Ride and Fly – take 2

June 28, 2017 at 14:07 | Posted in bicycles | Leave a comment
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Well, I had to travel again, on an aeroplane. So, of course, I rode to the airport. Honestly, I have no idea why I didn’t start doing this years and year ago. It’s faster, cheaper and a lot more relaxing. Easy easy easy. Forgot all those traffic jams, those tense moments in stationary traffic where you wonder whether you’ll make your flight, the waiting around for taxis to pick you up, those eye-watering fares. Just an easy, pretty much flat half-hour-or-so ride, with guaranteed parking right outside the terminal entrance.

This time, I didn’t bother with my towable suitcase. I just strapped a regular case on the back of the Radish, which to be honest was much easier. Easier to ride, and easier when I got there.

I had a quick shower when I arrived at the airport, although with the cool morning I hardly needed it, and caught my flight with ease. Coming home, I strolled out of the terminal, strapped my bag to the back on the bike and pedalled away. It’s actually really nice to be able to get some exercise after sitting on a plane for long hours, and I was home in no time.

Yes, it would be nice if bike access to the airport was a bit better. But to be honest, it’s not too bad if you’re used to riding in Sydney. Next time you need to fly, take your bike. You won’t regret it.

Ride and Fly

June 21, 2017 at 14:00 | Posted in bicycles | 1 Comment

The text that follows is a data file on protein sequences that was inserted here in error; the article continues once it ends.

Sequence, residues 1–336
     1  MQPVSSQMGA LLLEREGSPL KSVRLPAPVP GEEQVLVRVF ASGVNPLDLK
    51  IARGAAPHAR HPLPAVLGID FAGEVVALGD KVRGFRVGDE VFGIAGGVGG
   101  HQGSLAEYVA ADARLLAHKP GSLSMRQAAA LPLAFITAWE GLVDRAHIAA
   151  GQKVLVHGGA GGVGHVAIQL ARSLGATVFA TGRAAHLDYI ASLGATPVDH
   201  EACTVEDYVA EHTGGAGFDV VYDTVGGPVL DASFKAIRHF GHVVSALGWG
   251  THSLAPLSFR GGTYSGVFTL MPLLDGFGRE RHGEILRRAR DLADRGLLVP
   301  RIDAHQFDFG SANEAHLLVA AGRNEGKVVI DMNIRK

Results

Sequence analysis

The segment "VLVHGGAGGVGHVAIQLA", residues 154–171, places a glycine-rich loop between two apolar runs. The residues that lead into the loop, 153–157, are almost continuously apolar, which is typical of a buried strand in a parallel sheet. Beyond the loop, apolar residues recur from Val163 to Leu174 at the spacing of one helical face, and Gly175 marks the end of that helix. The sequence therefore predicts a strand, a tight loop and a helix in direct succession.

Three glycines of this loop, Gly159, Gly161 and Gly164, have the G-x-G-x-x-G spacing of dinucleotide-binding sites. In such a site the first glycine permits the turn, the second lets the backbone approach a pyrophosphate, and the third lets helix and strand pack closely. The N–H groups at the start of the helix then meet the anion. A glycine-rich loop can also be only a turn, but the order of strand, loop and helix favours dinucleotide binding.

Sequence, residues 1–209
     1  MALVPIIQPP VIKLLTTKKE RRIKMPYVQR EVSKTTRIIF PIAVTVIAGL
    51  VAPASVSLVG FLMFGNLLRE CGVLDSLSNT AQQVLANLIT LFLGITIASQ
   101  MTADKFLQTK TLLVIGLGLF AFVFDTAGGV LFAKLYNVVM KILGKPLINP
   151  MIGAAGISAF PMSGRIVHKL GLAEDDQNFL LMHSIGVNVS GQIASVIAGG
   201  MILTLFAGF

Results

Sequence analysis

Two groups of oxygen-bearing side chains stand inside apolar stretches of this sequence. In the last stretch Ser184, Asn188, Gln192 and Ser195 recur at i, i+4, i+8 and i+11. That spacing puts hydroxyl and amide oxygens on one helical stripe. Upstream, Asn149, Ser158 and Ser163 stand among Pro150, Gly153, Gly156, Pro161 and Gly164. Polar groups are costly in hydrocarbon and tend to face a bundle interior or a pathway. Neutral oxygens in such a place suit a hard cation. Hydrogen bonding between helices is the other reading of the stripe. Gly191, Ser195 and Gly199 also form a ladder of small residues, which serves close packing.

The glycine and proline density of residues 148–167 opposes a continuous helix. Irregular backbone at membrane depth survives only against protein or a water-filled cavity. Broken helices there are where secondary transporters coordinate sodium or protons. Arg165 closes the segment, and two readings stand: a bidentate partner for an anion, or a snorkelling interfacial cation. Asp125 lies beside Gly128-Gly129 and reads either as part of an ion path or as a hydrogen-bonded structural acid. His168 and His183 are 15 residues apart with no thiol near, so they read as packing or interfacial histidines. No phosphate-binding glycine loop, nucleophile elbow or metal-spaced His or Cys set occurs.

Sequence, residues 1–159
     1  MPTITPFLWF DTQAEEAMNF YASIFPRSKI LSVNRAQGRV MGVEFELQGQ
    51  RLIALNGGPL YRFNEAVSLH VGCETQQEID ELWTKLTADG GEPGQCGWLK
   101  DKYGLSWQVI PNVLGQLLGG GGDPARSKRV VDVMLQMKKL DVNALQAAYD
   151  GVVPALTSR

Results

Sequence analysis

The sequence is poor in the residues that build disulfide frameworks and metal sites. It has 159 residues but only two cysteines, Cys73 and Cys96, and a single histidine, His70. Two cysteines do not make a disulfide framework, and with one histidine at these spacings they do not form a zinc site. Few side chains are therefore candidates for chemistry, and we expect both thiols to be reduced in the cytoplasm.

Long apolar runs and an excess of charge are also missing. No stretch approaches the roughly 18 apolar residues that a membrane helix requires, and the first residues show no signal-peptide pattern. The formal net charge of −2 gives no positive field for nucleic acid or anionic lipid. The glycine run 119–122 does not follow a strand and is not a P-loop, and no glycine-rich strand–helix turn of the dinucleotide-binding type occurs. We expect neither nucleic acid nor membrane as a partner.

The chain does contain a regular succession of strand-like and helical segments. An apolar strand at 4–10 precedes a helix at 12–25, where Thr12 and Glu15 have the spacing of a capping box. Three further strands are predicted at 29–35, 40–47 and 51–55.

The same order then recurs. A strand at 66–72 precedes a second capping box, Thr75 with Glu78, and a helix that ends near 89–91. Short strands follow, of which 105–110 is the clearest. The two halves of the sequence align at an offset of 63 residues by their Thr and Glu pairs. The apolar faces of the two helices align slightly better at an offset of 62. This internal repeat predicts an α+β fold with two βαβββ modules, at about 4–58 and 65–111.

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You may remember some time ago I impulse purchased a luggage trailer. My initial review was not 100% favourable, and to be honest since then it’s pretty much stayed in the garage unused.

However, the other day I had to go away on business, and the mid-morning flight timing seemed to suit cycling to the airport, plus the trip was going to need checked-in luggage, so I decided to bite the bullet and ride to the international terminal.

I duly dusted off the trailer, packed it pretty full and set off.

The first thing I noted was when I packed. The internal dimensions of the bag are not as large as the external size would suggest, and the zipper opening only allows you to open just over half of it. So it’s not that easy to pack. If also means the most easily accessible and largest part of the bag is the bit at the top, so this bit tends to end up packed more tightly that the bottom bit. This means the weight is distributed towards the top, which exacerbates the somewhat unstable nature of the trailer. More on this later…